A 25-knot wind streaks across Ivanpah Dry Lake on this cold March afternoon in California, dust whipping across the racecourse ahead. I’m having trouble relaxing my breathing. Maybe it’s nerves. Maybe it’s the 30-pound sack of lead duct-taped to my chest for extra weight. I’m about to start my first dirt-sailing race at the 2022 America’s Landsailing Cup, and I’m hoping this extra weight will help keep my Manta TwinJammer—or rather my lawn chair with a sail—on all three wheels.
Thirty of these 105-pound aluminum craft with bench seats crowd the starting line, which is a 100-yard piece of rope stretched perpendicular to the wind from the starboard side of the race-committee trailer. My competitors look like Mad Max dragoons, their identities masked by helmets and ski goggles. Their jeans are caked with dirt, some of them wearing motorcycle armor. While we wait for the previous fleet to finish, there’s a strange pre-start shuffle. Unlike the regimented starts of DN iceboats I’m more familiar with, where half the fleet starts on starboard and the other half on port, land-sailing starts are a free-for-all.
Everyone lines up on starboard in whatever position they like, and for the next 10 minutes, competitors walk their boats into openings on the line, repositioning and relocating for more space, but mostly crowding on the favored end. I decide to play it safe and start in the leeward third of the pack. I want to be able to get this three-wheeled vehicle ripping before beating my way up to the mark.
“I wouldn’t start there,” I hear one competitor say to another. “I’m going to roll right over you before you have time to blink.”
A woman bearing a green flag on a stick strides to the front of the race-committee trailer and holds it to the wind, at which point I overhear someone say: “I hope you guys brought extra underwear. You’re going to need it.”
Before I have time to exhale, the woman whips her flag through the dust, and I use the heels of my feet to crab-crawl my boat into action, Fred Flintstone-style. I’m no match for my pre-start adrenaline, and I mistakenly pull in my mainsheet too quickly. My windward tire goes off the ground and I’m two-wheeling. I ease the sail, the tire plops to the hard-packed mud, and I’m instantly eating everyone’s dust.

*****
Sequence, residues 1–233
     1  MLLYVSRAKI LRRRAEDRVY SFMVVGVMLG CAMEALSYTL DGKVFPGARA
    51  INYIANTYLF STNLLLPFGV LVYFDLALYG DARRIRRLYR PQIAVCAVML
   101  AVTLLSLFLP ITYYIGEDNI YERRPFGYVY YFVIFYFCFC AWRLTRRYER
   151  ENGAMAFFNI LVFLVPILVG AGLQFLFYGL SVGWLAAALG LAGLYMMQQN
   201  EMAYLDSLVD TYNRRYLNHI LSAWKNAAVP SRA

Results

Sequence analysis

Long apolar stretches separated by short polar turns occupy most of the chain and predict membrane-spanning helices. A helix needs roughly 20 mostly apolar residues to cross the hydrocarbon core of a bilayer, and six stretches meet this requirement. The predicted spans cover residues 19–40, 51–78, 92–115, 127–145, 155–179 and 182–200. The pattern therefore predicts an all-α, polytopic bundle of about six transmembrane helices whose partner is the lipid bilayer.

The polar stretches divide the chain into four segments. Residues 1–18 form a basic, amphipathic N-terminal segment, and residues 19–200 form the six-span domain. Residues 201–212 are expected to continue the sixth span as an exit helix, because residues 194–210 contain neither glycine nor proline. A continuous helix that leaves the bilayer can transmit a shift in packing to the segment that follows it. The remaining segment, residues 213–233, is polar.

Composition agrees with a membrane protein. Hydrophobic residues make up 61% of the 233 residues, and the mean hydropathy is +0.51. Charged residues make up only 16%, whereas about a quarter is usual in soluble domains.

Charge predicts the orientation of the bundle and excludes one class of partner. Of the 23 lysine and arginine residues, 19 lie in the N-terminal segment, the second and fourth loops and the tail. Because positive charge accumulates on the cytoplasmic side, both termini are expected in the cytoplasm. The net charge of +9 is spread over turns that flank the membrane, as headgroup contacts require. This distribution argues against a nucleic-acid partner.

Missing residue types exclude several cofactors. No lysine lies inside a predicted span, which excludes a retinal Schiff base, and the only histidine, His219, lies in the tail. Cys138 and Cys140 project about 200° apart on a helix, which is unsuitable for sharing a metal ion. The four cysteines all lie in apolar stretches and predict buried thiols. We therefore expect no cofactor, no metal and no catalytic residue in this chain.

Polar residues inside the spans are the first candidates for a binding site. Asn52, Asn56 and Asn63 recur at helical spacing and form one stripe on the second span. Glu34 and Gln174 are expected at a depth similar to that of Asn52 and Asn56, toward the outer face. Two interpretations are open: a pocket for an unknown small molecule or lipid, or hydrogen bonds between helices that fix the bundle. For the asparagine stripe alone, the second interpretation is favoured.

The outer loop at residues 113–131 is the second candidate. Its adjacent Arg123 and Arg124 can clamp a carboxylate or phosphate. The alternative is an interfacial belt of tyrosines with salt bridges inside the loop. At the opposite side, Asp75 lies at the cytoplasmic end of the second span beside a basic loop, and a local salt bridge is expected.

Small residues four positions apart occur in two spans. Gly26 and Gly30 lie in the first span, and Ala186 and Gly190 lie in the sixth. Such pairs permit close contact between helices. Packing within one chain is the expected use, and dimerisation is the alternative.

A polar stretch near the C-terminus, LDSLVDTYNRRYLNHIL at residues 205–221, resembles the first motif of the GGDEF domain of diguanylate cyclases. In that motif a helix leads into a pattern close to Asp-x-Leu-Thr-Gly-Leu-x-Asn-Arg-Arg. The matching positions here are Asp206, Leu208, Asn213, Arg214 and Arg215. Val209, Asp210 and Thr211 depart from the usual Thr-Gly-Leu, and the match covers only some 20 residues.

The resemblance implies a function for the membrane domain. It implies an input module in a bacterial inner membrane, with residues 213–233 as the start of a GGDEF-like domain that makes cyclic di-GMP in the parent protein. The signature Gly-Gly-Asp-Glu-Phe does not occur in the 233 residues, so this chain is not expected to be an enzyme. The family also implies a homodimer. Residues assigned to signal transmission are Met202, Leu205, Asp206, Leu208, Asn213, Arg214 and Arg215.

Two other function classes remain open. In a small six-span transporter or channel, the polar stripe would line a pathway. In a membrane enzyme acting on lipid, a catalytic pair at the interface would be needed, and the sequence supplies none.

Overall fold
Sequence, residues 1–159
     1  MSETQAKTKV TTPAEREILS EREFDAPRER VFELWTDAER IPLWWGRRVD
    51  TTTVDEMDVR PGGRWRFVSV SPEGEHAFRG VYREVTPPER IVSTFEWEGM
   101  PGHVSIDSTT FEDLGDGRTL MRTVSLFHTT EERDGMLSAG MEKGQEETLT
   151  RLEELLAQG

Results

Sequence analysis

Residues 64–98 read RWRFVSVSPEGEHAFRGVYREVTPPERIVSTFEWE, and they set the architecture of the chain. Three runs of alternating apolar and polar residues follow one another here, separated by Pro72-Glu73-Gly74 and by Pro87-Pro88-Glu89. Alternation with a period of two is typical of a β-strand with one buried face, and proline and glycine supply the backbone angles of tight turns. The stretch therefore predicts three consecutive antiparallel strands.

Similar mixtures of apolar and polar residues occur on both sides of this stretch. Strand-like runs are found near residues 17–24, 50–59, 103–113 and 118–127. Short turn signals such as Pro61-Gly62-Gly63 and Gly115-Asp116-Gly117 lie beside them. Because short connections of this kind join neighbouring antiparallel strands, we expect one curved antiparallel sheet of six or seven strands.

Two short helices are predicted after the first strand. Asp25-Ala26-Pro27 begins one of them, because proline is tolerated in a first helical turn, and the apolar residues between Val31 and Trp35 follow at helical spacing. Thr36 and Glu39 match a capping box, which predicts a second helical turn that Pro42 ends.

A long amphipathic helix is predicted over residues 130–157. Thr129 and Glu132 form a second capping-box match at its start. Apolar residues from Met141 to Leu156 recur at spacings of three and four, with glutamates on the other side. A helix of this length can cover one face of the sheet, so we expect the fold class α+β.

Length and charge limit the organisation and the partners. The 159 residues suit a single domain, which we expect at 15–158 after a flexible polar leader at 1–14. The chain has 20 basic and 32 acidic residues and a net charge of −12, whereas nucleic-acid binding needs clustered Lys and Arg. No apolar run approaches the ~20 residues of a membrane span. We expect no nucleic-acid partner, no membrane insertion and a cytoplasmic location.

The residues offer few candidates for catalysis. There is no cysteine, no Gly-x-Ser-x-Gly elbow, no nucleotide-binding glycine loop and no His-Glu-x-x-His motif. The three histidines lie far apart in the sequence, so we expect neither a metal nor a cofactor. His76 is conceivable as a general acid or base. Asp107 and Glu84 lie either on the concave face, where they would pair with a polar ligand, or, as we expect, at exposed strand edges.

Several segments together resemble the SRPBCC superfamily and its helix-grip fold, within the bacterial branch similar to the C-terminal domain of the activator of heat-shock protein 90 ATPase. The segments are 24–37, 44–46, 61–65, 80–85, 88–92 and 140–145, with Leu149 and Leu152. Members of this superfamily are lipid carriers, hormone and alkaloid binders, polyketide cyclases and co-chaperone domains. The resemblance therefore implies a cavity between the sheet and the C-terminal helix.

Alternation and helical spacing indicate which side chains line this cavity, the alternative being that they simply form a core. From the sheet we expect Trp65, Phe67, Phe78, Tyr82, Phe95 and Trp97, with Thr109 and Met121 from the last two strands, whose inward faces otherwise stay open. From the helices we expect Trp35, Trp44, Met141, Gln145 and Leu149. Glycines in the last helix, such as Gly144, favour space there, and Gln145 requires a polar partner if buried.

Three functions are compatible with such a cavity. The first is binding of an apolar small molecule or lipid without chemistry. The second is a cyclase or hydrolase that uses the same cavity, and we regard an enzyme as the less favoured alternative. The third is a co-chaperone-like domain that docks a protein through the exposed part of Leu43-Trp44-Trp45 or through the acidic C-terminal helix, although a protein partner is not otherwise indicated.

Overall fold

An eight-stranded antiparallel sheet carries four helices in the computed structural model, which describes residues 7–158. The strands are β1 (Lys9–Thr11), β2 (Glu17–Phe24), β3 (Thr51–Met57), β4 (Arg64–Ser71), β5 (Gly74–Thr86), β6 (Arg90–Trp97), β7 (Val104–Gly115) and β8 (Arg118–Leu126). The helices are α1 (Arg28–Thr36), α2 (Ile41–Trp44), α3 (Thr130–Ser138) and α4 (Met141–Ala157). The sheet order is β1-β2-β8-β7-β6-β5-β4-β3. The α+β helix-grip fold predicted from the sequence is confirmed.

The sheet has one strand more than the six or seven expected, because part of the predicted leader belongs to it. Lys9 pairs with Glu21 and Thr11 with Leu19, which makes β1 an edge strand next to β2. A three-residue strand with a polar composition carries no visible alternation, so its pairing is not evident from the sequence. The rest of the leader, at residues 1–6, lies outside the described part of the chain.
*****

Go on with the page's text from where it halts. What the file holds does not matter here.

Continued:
I finally manage to get my boat moving forward for a good 15 seconds, when a competitor to windward starts two-wheeling, veers downwind, and plows straight into the side of my boat, bending my steering bar. After making sure I have all my body parts and slinging a few choice words, we untangle and I sail toward the left-hand side of the racecourse. My only hope is to bang the corner, which ends up paying off when a gust surges me into the middle of the fleet.
Maneuvering up the course is a blur of kamikaze ducks and crosses, boats weaving through each other’s dust trails. I manage to duck one boat the way I would in a dinghy, mere inches separating my front tire from its stern, which is far too close for any sane person to attempt.
Yet sanity and dirt-boat racing seem mutually exclusive at times, and as I round the weather mark, I feel the full force of the Manta Twin’s speed howling downwind near 60 mph. On downwind legs of the course, the windward boat has right of way, and when one particular gust hits, I yell as loud as I can to a pilot below me to let me turn down to depower the sail. We both snake to leeward accordingly, though soon he’s a speck on the horizon.
The pack spreads out, and when I eventually bear away to cross the finish line, another gust hits and I capsize just to windward of the race committee, plowing over a set of traffic cones. Surprisingly, this moment is not as violent as I thought it would be. Most capsizes happen at low speeds, and unlike other land yachts, Manta TwinJammers have seat belts.
“You OK?” someone asks.
“I’m fine,” I reply, apologizing for tipping over on top of them. “It’s OK,” they say, sensing my embarrassment. “We just had a 38-knot puff roll through.”
Whereas iceboat racing’s redline is somewhere around 20 knots of wind, dirt boats can handle much more. “The deciding factor is the dust,” says Dennis Bassano, the North American Land Sailing Association’s race director. “If the dust is low, we’ll race in up to 30 [knots]. But if it’s really dusty and we have a lot of boats, we’ll call it off at whatever speed it is because no one will be able to see at that point.”
Bassano has an easygoing personality that he conceals behind a hardened exterior. Having organized this event for more than 15 years, he’s used to being a hard-ass when the situation calls for it. Before he took over, the typical racetrack featured six or eight turning marks and more than 40 different course configurations. They had a numbered start system and courses featuring both port and starboard roundings, as well as reaching legs and other quirks that were confusing for even the most experienced competitors.